Genomic heterogeneity in colorectal primary and liver metastases samples

Patch A-M1, Kawamata F2,3, Behrenbruch C4,5, Nones K6, Kazakoff S6, Addala V6, Pearson JV7, Hollande F4, Waddell N6 and Whitehall VLJ2

  1. Clinical Genomics, QIMR Berghofer Medical Research Institute, Queensland, Australia.
  2. Conjoint Gastroenterology Laboratory, QIMR Berghofer Medical Research Institute, Queensland, Australia.
  3. Hokkaido University Graduate School of Medicine, Sapporo, Japan.
  4. Department of Clinical Pathology, The University of Melbourne, Victoria, Australia.
  5. Department of Oncology, Sir Peter MacCallum Cancer Centre, Victoria, Australia.
  6. Medical Genomics, QIMR Berghofer Medical Research Institute, Queensland, Australia.
  7. Genome Informatics, QIMR Berghofer Medical Research Institute, Queensland, Australia.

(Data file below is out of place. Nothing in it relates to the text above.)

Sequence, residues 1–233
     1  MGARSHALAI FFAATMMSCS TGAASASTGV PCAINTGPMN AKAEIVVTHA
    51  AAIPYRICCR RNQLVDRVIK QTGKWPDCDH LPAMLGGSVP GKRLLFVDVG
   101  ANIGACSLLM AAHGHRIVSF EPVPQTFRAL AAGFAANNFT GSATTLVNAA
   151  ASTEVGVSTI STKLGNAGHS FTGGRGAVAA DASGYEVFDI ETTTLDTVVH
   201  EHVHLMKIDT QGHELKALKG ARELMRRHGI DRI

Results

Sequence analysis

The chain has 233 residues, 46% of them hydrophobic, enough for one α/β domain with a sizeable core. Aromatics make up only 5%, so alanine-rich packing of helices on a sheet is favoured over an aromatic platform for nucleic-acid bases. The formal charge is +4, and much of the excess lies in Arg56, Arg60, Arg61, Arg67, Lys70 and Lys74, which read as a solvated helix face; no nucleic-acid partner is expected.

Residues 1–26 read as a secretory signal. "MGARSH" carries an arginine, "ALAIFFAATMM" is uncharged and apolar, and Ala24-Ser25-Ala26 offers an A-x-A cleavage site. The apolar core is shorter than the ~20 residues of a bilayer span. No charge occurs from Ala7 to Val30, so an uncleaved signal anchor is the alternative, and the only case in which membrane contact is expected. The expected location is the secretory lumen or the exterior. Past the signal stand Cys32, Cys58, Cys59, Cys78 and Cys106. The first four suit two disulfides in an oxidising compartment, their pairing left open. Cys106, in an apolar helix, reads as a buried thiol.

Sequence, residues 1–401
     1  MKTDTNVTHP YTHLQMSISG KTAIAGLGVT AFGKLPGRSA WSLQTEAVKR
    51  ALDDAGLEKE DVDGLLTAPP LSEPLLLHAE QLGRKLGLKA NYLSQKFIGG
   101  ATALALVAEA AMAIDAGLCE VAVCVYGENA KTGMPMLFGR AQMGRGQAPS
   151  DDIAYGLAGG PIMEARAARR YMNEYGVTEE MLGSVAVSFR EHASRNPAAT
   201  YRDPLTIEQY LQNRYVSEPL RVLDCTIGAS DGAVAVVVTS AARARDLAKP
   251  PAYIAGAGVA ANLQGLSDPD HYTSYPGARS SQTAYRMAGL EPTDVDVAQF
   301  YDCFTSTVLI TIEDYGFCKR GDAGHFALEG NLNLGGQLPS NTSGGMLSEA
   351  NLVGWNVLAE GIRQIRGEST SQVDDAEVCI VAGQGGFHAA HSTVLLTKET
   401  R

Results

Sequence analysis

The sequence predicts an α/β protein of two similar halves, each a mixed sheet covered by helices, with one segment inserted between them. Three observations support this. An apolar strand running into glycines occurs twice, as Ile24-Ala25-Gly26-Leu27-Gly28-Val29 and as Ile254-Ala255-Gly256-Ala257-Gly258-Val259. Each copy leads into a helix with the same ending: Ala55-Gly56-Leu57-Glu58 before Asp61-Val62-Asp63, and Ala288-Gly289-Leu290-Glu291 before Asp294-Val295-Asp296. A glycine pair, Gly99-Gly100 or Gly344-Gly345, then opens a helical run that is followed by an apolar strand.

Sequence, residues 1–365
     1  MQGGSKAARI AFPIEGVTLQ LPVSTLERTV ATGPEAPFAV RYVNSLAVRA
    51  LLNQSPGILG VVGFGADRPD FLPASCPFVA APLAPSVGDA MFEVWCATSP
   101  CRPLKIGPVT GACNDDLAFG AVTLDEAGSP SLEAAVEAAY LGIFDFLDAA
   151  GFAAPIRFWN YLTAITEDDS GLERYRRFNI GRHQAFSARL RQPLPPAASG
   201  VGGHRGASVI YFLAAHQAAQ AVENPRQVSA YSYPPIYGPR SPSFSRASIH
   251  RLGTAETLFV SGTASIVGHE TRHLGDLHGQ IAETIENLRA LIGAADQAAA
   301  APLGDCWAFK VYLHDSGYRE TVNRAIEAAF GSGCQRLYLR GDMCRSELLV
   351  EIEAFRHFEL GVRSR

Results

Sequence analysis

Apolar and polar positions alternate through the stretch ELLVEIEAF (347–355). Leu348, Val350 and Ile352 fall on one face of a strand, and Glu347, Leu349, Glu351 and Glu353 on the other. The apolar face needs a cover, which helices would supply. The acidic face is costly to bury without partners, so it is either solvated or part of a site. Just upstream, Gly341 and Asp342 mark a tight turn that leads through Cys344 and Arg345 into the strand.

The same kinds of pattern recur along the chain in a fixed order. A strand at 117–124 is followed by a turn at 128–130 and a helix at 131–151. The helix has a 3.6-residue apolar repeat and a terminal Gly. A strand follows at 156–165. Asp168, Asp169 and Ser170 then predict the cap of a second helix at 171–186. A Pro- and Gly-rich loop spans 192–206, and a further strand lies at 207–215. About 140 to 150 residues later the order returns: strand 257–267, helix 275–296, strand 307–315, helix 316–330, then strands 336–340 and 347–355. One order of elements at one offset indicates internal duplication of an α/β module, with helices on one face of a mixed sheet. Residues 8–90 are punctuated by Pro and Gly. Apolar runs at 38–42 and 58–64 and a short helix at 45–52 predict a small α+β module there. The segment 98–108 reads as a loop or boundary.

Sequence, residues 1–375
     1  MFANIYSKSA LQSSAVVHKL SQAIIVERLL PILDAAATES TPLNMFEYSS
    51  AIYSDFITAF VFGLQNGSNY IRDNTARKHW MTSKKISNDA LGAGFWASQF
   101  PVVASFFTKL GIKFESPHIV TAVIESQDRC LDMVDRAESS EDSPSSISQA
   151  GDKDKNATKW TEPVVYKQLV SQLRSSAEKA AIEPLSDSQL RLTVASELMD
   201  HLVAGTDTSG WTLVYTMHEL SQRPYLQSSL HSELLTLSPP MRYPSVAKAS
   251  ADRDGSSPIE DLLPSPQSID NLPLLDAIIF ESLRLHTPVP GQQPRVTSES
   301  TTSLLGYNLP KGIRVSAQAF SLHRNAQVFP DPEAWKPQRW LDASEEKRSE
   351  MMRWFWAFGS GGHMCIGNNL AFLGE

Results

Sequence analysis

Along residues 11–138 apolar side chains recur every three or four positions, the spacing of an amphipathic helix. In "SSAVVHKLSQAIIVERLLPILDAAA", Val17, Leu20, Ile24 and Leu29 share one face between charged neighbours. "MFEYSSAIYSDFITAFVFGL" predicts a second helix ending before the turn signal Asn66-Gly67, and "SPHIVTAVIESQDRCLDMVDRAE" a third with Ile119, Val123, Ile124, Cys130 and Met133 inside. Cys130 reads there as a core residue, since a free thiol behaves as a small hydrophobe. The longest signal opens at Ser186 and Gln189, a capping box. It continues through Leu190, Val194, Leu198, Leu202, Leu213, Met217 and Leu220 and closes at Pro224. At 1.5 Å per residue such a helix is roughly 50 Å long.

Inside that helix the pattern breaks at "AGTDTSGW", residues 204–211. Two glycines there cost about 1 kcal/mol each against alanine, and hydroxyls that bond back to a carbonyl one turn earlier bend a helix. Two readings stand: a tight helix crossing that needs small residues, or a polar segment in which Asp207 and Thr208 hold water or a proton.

Colorectal cancer (CRC) is the third most common malignancy diagnosed worldwide and in Australia, with an estimated >16,500 Australians affected in 2017. At diagnosis around 25% of CRC patients have metastatic (stage IV) disease and a further 25% of patients initially diagnosed at stage II/III will relapse with metastatic disease. Unfortunately, 75% of patients presenting with metastatic disease will have surgically unresectable disease and are incurable. The 5-year survival of this group of patients is approximately 5%, almost ten times lower than patients with resectable disease. Treatment is palliative and there are essentially only three available cytotoxic agents, 5-fluorouracil, oxaliplatin and irinotecan. Newer targeted agents and immunotherapy only show benefit in a subset of patients. Different sites of disease such as the primary tumour compared with the metastasis will have heterogeneity in treatment response making the choice of therapy more complex. A personalised medicine strategy that enables selection of the most effective therapy based on the tumour’s molecular characteristics could provide more effective treatment options for patient management especially for those with unresectable metastatic disease. Therefore, we are investigating the heterogeneity between matched primary CRC and liver metastasis samples in the context of targetable treatments.